Getting to a general internest is the first step. It is difficult to say exactly what the next course is without knowing exactly what the mass was.
All the questions you asked above are reasonable questions - about surveillence, work restrictions, diet changes etc.
I would also inquire about what was found on the pathology, whether any chemotherapy/radiation therapy is needed.
About surveillence, you can also ask whether periodic upper endoscopies or CT scanning is needed to ensure the tumor doesn't recur.
Seeing the interest can guide you to an appropriate hematology/oncology specialist where further follow-up can be arranged.
Followup with your personal physician is essential.
This answer is not intended as and does not substitute for medical advice - the information presented is for patient education only. Please see your personal physician for further evaluation of your individual case.
What you describe sounds like a leimyoma, which is a benign tumor originating from the muscle layer of the stomach. It's in fact not rare that they present on the outside of the stomach. They aren't dangerous like cancer, but they can cause erosions of the lining, or sometimes can lose blood supply and start to die which can cause, among other things, pain. If that's what it was, then removal is all the treatment you need, and there's really no need for surveillance or other treatment. Of course, you need to know exactly what was found: even though it sounds like the surgeon was unfortunately brief with you, I'd assume that if it were another sort of tumor, he'd have told you about other postop needs.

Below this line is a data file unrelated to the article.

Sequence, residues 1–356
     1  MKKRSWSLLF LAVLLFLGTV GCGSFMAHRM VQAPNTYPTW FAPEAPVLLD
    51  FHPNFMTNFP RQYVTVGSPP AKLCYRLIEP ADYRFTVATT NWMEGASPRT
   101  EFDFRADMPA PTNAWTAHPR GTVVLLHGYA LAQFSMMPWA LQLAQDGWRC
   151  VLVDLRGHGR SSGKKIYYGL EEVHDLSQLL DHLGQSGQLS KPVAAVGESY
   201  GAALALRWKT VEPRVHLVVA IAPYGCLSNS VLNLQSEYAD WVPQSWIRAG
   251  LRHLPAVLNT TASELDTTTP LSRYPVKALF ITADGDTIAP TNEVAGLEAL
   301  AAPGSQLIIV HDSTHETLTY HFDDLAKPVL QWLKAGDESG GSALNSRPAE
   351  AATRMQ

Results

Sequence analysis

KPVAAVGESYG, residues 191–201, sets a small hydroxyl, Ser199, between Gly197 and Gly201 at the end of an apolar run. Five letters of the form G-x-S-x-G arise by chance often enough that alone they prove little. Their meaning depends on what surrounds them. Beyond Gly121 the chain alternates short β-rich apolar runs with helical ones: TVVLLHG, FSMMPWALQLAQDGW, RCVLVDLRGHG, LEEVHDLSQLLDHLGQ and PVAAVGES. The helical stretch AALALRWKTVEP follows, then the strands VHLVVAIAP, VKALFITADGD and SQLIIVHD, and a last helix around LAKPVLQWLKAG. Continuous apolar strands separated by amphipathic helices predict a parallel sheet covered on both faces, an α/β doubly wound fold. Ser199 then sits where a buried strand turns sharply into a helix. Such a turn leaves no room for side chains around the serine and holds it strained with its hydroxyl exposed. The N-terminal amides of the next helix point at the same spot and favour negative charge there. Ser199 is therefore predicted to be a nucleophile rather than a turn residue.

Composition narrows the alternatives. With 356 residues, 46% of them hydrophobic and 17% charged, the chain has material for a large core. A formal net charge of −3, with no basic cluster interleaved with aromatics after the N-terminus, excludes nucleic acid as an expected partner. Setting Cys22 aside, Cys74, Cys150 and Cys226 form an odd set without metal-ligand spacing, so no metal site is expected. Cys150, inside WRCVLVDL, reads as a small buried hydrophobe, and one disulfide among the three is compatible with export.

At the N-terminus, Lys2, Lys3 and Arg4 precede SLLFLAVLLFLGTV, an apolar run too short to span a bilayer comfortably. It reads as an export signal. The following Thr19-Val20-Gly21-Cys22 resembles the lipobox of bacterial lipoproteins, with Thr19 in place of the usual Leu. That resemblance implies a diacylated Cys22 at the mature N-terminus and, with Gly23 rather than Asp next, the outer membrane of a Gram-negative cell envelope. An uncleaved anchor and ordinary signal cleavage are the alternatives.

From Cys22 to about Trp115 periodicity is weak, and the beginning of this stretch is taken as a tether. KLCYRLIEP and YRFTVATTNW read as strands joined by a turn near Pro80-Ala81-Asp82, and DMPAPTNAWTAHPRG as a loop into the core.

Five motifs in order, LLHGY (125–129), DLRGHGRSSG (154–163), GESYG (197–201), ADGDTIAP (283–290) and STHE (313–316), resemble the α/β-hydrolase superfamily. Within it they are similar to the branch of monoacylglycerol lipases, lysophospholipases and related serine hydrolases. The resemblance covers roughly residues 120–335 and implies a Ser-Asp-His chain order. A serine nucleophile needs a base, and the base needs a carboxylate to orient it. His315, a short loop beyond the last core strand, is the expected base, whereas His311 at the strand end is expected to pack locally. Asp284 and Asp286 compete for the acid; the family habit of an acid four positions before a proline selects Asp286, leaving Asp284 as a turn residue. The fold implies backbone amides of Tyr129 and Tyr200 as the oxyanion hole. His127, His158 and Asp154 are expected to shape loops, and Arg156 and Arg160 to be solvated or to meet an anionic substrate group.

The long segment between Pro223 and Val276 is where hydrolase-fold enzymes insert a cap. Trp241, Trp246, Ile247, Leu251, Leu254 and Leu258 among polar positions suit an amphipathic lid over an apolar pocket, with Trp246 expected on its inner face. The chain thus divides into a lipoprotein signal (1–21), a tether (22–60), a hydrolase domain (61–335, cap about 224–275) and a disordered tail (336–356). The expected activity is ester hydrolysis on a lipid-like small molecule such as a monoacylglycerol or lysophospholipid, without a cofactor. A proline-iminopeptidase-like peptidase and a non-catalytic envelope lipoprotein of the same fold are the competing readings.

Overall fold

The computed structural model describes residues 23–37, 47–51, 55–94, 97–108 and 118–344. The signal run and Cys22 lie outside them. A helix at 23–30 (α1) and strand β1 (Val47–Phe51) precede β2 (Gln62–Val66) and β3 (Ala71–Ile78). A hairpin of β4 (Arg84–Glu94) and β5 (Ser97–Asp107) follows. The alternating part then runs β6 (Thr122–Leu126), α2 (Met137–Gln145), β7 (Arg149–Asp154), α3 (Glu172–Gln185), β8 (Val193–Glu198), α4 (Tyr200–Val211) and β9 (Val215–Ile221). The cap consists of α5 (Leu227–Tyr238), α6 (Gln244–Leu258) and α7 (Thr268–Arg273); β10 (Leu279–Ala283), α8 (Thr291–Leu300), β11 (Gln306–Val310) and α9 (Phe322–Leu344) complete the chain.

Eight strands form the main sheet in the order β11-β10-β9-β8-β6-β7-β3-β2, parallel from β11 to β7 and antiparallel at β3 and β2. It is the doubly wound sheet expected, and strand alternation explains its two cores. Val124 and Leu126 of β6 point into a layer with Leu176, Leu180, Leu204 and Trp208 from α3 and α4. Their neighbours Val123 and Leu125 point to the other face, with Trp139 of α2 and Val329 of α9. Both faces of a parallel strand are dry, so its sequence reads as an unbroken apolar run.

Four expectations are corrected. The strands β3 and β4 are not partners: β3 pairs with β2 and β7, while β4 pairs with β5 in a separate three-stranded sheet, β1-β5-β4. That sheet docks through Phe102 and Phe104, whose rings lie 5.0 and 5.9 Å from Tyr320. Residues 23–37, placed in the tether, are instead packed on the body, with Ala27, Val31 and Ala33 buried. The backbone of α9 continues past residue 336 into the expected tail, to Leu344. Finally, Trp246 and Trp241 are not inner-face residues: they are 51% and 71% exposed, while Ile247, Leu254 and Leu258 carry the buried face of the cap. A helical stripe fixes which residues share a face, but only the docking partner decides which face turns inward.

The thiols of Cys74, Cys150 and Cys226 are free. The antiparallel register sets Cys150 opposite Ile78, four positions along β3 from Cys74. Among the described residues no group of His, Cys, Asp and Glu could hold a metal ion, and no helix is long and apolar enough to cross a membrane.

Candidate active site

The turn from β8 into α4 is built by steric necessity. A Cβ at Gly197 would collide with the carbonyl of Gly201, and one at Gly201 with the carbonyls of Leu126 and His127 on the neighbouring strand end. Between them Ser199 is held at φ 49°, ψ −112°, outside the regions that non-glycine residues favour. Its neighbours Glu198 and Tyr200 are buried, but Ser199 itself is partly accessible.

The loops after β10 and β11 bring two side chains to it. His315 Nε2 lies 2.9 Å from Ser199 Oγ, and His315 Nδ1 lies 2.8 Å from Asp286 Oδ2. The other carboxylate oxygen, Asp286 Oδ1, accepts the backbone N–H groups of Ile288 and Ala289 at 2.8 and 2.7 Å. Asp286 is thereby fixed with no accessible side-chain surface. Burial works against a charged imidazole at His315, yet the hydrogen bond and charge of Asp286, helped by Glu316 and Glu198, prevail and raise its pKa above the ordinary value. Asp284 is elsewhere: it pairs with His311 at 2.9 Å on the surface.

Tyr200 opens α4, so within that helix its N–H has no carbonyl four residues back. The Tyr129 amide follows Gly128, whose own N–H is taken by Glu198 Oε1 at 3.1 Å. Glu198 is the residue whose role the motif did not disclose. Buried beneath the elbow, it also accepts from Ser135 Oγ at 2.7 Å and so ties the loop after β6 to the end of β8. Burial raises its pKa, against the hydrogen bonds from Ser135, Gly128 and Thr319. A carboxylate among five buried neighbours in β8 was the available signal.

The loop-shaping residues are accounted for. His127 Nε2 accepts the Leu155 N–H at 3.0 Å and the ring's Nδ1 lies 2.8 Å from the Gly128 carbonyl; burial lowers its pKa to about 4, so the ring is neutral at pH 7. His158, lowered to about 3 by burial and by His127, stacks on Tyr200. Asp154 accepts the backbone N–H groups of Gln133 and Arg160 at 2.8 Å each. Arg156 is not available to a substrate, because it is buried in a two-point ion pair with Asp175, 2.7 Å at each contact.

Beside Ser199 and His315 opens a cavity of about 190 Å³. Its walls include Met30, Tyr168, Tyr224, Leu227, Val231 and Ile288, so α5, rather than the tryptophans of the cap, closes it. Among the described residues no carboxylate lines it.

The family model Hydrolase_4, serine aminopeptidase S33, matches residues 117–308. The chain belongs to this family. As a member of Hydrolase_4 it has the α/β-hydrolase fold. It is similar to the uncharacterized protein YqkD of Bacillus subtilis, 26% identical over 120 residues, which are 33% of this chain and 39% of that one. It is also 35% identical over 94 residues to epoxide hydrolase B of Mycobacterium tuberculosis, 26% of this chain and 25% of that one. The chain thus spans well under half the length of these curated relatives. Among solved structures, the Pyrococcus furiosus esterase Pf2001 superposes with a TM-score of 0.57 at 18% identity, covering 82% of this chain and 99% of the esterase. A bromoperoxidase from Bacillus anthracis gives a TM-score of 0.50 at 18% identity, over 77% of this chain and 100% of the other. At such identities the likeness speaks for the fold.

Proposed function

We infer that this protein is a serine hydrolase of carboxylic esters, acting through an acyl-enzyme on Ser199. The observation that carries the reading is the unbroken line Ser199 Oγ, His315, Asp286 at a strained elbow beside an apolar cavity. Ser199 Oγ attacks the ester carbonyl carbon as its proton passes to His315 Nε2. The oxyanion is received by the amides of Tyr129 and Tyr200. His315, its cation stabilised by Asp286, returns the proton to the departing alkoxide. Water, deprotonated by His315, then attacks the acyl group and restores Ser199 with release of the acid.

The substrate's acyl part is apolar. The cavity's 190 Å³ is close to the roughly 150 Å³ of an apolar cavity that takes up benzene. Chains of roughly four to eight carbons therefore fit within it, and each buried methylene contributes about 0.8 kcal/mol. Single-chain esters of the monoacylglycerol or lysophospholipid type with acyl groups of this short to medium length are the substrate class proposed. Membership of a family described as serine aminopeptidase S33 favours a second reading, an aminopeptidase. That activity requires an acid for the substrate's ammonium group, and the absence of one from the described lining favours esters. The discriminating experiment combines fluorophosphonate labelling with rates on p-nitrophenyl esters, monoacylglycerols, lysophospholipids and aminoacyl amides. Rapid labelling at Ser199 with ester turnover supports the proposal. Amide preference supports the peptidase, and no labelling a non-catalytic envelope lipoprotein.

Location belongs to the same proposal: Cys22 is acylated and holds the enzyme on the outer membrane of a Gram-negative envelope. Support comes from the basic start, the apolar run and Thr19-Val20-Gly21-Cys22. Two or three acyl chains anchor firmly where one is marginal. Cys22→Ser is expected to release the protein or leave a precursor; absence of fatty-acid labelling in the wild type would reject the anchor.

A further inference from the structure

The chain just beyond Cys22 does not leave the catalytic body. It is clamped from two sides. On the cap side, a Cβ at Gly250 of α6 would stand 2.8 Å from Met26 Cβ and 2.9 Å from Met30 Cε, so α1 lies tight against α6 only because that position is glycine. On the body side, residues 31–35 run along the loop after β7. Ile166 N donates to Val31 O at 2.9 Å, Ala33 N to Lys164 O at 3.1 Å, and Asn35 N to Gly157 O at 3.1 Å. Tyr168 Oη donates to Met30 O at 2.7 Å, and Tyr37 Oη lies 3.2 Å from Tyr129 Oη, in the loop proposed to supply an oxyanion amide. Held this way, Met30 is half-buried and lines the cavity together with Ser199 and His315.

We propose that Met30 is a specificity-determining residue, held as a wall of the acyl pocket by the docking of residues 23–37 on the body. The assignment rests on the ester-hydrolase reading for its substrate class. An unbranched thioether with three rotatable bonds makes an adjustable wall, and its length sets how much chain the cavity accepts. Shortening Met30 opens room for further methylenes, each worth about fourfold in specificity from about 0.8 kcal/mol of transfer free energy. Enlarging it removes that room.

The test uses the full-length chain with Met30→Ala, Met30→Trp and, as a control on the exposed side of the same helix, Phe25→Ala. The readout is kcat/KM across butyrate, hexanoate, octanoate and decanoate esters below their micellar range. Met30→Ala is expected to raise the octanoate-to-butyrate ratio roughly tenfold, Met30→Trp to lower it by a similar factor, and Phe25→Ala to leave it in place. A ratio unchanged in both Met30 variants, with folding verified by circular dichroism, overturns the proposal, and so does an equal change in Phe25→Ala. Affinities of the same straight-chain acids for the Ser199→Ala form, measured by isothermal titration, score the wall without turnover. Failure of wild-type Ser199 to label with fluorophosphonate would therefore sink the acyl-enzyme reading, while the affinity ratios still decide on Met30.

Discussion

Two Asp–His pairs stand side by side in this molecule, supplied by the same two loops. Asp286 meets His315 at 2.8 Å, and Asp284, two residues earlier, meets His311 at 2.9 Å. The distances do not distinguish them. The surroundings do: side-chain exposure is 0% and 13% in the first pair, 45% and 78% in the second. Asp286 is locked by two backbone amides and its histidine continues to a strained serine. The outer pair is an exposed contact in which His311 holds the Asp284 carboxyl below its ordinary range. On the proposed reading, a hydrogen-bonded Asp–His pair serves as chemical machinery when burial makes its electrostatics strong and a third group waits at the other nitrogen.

Most people end up eating virtually normally with no digestive after-effects when half the stomach is removed. But, depending on how things were done, it's possible to develop what's called "dumping syndrome'" which results from losing the control muscle at the bottom end of the stomach, which allows foods to get into the intestine faster than normal. Especially when the foods are high sugar and liquid (the worst being a milkshake, for example) as the food moves into the gut there can be cramps, diarrhea, nausea, sweating. There are various ways to deal with it.
I'd suggest seeing a gastroenterologist rather than a general internist, although I'm sure there are many who are comfortable dealing with dumping syndrome. I'd also point out that this early after surgery it's possible there's some sort of postop infection going on inside. I'd also suggest seeing the surgeon again to get his input on what's going on. It's one thing to dismiss you after a week assuming everything is ok: but when it's not, it's his obligation to see it through with you. If it were me, I'd probably be ordering some blood work and possibly a CT scan, just to rule out an abscess or other postop situation.
You absolutely must find you an excellent doctor to do some followup with you. It seems to me everything about your digestion would change if half your stomach was removed. Please act quickly. You are lucky that you have good medical insurance. Use it to find a doctor who will give you the answers you need and deserve.